The book Perl Best Practices of Damian Conway provides a reasonable set of guidelines on how to write a Perl program. While you might not want to follow each guidline as it is written in the book it can be a very good starting point. It is certainly much better than the current practice of letting everyone write whaterver she wants. This is good in the general terms and when we are talking about indicidual projects. Within a project (or within a company) it makes a lot of sense to stick to some guidelines.

So reading the book is good. In addition there is a module called Perl::Critic by Jeffrey Ryan Thalhammer and currently maintained by Elliot Shank that can check each one of the practices Damian suggest. Not only that.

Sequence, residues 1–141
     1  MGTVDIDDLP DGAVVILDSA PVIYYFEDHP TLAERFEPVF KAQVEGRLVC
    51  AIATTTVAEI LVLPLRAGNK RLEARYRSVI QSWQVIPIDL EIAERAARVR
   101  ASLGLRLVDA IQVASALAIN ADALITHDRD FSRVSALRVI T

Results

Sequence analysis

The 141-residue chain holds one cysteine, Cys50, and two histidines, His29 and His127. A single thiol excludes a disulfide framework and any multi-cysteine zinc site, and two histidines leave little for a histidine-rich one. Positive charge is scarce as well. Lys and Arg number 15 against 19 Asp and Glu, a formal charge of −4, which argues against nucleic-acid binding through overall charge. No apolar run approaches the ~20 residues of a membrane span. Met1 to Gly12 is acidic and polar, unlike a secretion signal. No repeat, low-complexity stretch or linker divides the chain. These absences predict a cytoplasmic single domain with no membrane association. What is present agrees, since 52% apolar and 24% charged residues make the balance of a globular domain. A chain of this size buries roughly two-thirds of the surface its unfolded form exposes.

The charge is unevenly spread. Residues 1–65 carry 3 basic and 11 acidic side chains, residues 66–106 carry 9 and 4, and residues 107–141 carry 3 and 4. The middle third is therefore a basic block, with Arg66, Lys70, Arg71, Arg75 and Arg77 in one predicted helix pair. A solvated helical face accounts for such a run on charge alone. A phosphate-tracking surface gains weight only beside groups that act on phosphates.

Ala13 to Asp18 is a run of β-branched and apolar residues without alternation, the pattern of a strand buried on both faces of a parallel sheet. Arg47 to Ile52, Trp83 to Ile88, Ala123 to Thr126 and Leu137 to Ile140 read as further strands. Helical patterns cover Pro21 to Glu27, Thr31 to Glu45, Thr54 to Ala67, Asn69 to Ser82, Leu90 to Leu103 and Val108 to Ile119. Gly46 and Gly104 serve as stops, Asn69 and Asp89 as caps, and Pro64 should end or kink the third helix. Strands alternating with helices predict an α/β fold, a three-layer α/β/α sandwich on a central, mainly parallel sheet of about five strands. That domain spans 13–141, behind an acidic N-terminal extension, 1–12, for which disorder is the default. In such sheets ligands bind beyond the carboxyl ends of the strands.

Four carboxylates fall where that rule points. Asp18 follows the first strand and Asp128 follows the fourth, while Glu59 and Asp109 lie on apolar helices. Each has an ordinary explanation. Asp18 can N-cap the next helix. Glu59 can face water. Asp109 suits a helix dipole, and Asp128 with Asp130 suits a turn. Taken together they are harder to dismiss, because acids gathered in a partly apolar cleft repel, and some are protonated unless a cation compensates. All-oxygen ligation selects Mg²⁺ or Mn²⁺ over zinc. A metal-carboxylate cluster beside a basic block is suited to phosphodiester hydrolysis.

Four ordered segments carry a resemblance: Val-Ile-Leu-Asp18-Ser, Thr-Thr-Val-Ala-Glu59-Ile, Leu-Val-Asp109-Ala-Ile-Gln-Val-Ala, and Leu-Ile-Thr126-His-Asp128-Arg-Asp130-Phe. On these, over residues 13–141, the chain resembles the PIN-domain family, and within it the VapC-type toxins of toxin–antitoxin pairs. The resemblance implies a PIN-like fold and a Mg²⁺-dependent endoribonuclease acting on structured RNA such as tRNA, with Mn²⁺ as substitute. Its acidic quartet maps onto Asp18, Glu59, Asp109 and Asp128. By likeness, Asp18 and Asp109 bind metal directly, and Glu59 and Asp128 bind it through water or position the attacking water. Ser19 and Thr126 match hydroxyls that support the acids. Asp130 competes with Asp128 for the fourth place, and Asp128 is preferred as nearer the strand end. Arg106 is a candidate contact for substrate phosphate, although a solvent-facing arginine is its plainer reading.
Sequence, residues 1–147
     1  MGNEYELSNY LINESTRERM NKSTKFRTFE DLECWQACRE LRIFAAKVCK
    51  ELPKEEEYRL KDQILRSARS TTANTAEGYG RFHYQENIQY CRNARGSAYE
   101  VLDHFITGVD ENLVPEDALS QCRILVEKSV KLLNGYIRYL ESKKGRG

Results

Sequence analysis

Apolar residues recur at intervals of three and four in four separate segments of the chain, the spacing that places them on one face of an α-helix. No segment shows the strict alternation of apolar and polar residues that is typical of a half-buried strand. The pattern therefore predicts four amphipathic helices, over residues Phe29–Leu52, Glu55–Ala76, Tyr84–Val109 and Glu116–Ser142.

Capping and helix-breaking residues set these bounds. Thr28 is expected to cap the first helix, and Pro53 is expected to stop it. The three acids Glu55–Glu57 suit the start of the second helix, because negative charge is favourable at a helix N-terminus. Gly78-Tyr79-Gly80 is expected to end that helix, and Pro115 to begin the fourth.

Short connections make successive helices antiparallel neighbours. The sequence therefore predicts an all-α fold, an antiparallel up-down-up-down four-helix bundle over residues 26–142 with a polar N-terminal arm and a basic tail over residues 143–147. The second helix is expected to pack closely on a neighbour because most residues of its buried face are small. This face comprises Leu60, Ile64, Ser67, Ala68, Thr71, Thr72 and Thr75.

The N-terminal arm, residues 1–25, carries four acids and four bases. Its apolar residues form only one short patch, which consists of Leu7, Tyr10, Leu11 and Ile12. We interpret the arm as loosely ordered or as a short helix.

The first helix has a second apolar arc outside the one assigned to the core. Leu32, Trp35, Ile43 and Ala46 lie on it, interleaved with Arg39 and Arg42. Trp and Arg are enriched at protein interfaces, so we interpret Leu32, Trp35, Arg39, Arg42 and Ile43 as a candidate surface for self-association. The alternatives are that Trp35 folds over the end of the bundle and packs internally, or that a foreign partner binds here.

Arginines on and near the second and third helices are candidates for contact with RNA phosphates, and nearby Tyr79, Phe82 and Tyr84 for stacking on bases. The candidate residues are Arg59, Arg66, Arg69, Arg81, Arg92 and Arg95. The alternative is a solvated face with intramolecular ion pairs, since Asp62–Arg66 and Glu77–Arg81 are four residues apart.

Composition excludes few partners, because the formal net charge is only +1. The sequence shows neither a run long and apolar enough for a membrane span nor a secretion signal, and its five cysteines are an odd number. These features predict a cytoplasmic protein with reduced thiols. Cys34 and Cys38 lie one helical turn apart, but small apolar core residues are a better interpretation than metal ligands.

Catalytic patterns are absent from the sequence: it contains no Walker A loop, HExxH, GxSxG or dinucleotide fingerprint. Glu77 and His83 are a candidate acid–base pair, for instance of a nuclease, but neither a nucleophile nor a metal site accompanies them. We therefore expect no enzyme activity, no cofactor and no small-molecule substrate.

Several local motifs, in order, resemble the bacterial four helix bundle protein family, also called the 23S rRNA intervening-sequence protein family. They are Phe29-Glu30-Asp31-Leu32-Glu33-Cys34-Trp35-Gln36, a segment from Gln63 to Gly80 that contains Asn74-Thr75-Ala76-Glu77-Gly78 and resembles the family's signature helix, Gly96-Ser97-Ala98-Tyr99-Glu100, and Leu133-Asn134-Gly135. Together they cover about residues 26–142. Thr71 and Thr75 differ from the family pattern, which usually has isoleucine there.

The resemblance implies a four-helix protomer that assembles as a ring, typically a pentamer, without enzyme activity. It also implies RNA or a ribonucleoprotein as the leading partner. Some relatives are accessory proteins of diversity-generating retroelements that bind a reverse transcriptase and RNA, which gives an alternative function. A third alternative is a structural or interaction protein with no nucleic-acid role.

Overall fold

There is also a module called Test::Perl::Critic that takes the functions of Perl::Critic and turns them into Test::Builder based functions. So you can get ok/not ok output from them.

Using them in Perl projects can help improving the codebase very quickly.

You can also configure the module to check each one of the "practices" according to the style accepted in your company.

use strict;
use warnings;

use Test::More;
eval {
   require Test::Perl::Critic;
   import  Test::Perl::Critic;
plan skip_all => 'Test::Perl::Critic required to criticise code' if $@;
#all_critic_ok('blib', 't');